The Accelerated Mobile Pages (AMP) caches from Google, Bing, and Cloudflare offer another option. They don’t simply cache the material; there is a significant amount of pre-optimization that takes place as well. This includes inserting the material directly into the HTML source code, producing a srcset containing only optimized pictures, and pre-rendering certain AMP components.
It is an option that may prove to be extremely beneficial for websites that are hosted by a poor provider. (It’s not that I endorse utilizing sketchy hosts; it’s just that there are occasions when there is no other choice). When you integrate AMP, you are going to make use of all the best practices there are to make your sites as lightweight and as speedy as they possibly can be. It is self-evident that this will make things simpler for the servers.
Users of mobile devices are in for a real treat. It is quick, it can be scanned, and it does not include an excessive amount of unnecessary information. According to me, AMP is what the internet would be like if everything went according to plan.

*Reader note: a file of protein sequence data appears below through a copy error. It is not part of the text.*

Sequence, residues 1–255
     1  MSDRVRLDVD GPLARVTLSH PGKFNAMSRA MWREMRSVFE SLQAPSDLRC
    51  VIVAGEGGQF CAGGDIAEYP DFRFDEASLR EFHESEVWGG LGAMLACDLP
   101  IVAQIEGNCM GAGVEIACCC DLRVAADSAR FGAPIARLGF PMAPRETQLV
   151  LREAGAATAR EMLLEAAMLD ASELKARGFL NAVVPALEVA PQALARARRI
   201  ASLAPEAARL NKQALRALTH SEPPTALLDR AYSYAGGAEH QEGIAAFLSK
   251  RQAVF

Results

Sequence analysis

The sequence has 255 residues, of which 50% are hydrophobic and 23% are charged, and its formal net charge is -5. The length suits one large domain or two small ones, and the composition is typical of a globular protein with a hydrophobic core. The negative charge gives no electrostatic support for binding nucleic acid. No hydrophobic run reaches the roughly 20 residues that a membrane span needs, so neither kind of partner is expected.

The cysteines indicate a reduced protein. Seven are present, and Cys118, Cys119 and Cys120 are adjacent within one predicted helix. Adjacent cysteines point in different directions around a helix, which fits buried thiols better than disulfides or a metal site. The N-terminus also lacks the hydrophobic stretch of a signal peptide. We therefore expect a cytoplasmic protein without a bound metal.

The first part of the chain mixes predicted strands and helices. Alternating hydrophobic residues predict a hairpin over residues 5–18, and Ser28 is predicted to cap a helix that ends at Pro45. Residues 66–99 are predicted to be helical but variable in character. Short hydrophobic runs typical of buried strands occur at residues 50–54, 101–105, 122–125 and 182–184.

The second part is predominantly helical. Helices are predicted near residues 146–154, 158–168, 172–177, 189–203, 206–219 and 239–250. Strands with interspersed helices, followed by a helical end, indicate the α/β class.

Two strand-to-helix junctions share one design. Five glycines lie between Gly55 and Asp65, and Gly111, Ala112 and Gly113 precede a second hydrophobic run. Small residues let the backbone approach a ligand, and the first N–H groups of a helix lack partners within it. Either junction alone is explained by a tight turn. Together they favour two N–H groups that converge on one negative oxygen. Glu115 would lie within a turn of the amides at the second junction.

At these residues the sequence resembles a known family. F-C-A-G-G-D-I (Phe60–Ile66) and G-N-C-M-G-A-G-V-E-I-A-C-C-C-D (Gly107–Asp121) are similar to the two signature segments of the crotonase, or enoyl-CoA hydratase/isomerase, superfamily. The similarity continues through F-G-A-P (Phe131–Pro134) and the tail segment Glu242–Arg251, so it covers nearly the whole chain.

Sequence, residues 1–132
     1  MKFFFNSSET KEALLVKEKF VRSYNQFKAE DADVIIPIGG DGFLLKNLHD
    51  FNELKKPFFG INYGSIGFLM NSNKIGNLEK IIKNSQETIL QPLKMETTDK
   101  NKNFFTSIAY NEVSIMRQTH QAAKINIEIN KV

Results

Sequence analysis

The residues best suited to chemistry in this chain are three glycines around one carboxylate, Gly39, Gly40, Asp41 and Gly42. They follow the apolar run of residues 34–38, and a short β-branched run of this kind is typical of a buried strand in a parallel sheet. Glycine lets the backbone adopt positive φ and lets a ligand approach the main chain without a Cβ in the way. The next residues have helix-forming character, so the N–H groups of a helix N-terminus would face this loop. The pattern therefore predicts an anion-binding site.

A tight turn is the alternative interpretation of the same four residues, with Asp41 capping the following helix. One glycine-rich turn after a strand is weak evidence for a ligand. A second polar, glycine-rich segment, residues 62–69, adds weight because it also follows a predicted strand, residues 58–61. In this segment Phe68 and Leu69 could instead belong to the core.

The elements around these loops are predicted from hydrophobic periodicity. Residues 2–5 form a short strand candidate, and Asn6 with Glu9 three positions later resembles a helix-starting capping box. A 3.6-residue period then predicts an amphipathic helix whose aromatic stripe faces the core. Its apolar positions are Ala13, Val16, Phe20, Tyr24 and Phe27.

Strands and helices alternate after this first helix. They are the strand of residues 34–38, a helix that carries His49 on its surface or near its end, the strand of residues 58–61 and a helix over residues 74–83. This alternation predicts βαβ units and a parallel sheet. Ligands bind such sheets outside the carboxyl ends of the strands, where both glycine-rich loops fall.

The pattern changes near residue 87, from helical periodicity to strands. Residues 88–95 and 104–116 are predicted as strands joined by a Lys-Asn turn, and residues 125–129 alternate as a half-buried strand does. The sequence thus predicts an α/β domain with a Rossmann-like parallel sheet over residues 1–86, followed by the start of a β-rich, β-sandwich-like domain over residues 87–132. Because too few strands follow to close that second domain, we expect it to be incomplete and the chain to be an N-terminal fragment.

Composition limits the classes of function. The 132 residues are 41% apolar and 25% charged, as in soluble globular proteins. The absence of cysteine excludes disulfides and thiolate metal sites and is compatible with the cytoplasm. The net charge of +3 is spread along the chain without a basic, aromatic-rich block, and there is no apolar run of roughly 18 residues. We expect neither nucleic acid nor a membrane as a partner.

It only seems sensible that AMP sites would get a ranking boost in Google’s mobile search results. Note, however, that this only applies to searches performed on mobile devices and not on desktops.
Even though Google has said that Accelerated Mobile Pages (AMP) is not a ranking criterion, Google AMP may still have an effect on SEO by increasing clicks, enhancing user experience, and so on.
Tracking the activities of users on AMP sites continues to be difficult. A component for amp-analytics was really published by Google, and it’s not bad at all. Because they are necessary for survival. However, if you are looking for something that is more granular and sophisticated, the component has not yet been perfected.
E-commerce websites do not truly benefit from their adjustability. All AMP best practices are well suited for websites that are published by publishers (like news carousel and stuff). However, other than eBay, I can’t really think of any other instances of online stores that have been successful by employing AMP (which was among the first websites to implement it).
Google has said that they do not employ Accelerated Mobile Pages (AMP) as a ranking criterion at this time. Yes, it has the potential to be a very significant factor in the long run. However, for the time being, having a mobile-friendly website that is also correctly set up should be sufficient to be ranked.
It will be fascinating to watch how the sustainability of the web as an application platform is affected if Accelerated Mobile Pages (AMP) is effective in achieving its goals.